The memo was issued when Dubai's financial zone was in the midst of a cash crisis, as top executives were allegedly trying to push through 'unlawful' bonuses, according to court documents.
DIFC head pleaded for $1.2bn cash injection
A memo from a top official at Dubai's financial free zone issued at the height of the global economic crisis warned that its investment unit needed US$1.2 billion (Dh4.4bn) in a matter of weeks to avoid operations coming to a halt. Bisher Barazi, the head of the investment arm of the Dubai International Financial Centre (DIFC) wrote to Omar bin Sulaiman, then the governor of the DIFC, on November 15, 2008, outlining the cash-flow requirements of the business, court documents show.
The memo, titled "Debt Situation", is the most detailed account of the cash shortage faced by DIFC Investments at the peak of the financial crisis. "The bottom line, we need $500 million by the end of November, $200m by the first week of December and $500m before the end of December so that ? we can sustain our basic business ? I am sorry to say that I have run out of options and or possible solutions to address this matter and I take full responsibility for that, however, if we do not get immediate support, the entire operations ? will come to a halt, not withstanding us defaulting on our commitments", Mr Barazi wrote, according to court documents filed in the DIFC Courts.
Mr Barazi and Mr bin Sulaiman declined to comment yesterday. The DIFC also declined to comment. The documents form part of a DIFC response to a claim filed by Mr Barazi for Dh1.78m in unpaid wages and benefits he says he is owed after being suspended from his position late last year. The DIFC has countersued Mr Barazi, asserting that he proposed bonuses worth $4.8m for himself, Mr bin Sulaiman and another official for the 2007 financial year. The bonuses have since been described as unlawful in court documents.
Mr Barazi denied the bonuses were improper, arguing that Mr bin Sulaiman was responsible. The DIFC's lawyers said in documents made available yesterday that Mr Barazi could not "absolve himself from the liabilities" by highlighting the fact that Mr bin Sulaiman authorised the bonuses. "The claimant was not a passive recipient of a bonus assessed, authorised and approved by his principal," the documents say. "On the contrary, the claimant recommended and prepared, revised, executed and proved the benchmarks for the investment bonuses."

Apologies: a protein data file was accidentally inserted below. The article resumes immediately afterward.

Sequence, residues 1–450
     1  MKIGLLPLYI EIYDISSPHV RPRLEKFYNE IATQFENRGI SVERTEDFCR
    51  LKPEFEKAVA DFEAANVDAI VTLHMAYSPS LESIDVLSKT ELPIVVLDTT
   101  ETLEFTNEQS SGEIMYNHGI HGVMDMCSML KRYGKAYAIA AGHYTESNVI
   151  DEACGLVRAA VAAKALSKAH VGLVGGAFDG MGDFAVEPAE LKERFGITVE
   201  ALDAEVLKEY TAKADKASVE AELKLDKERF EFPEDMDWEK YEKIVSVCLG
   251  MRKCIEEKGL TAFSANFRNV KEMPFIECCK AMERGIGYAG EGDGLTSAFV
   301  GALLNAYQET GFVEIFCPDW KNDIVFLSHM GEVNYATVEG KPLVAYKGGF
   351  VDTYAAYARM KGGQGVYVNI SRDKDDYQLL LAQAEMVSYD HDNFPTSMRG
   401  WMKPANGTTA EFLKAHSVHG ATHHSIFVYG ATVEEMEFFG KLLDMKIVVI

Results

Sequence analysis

The DIFC alleges that Mr Barazi still pushed through the bonuses at a point when he "knew or ought to have known" that the unaudited financials revealed a loss."During the times that he was seeking approval for the investment bonuses and when the instalments of the investment bonuses were being paid out, the claimant was of the view that the defendant was experiencing severe cash-flow problems which prevented the defendant from meeting its day-to-day obligations and debt obligations," the DIFC said in court documents.
A key issue in the case is the financial performance of DIFC Investments in 2007. The bonuses were based on expected annual profit of $200m at DIFC Investments. But the company recorded a loss of $80m after it shifted its stake in the Dubai Stock Exchange (DIFX) to Borse Dubai and wrote down the value of its investment in Deutsche Bank. DIFX is now known as NASDAQ Dubai. The DIFC points to this as an example of the alleged improper behaviour exhibited by Mr Barazi to obtain the bonuses. Mr Barazi, however, has denied his actions were improper. Mr bin Sulaiman was removed from his post at the DIFC in November. DIFC Investments posted a $561m loss for last year after writing down the value of many of its assets.
The Dubai Government is investigating financial irregularities at the DIFC through its Financial Audit Department, while DIFC Investments has hired the accountancy firm KPMG to conduct a forensic audit of its finances. @Email:firstname.lastname@example.org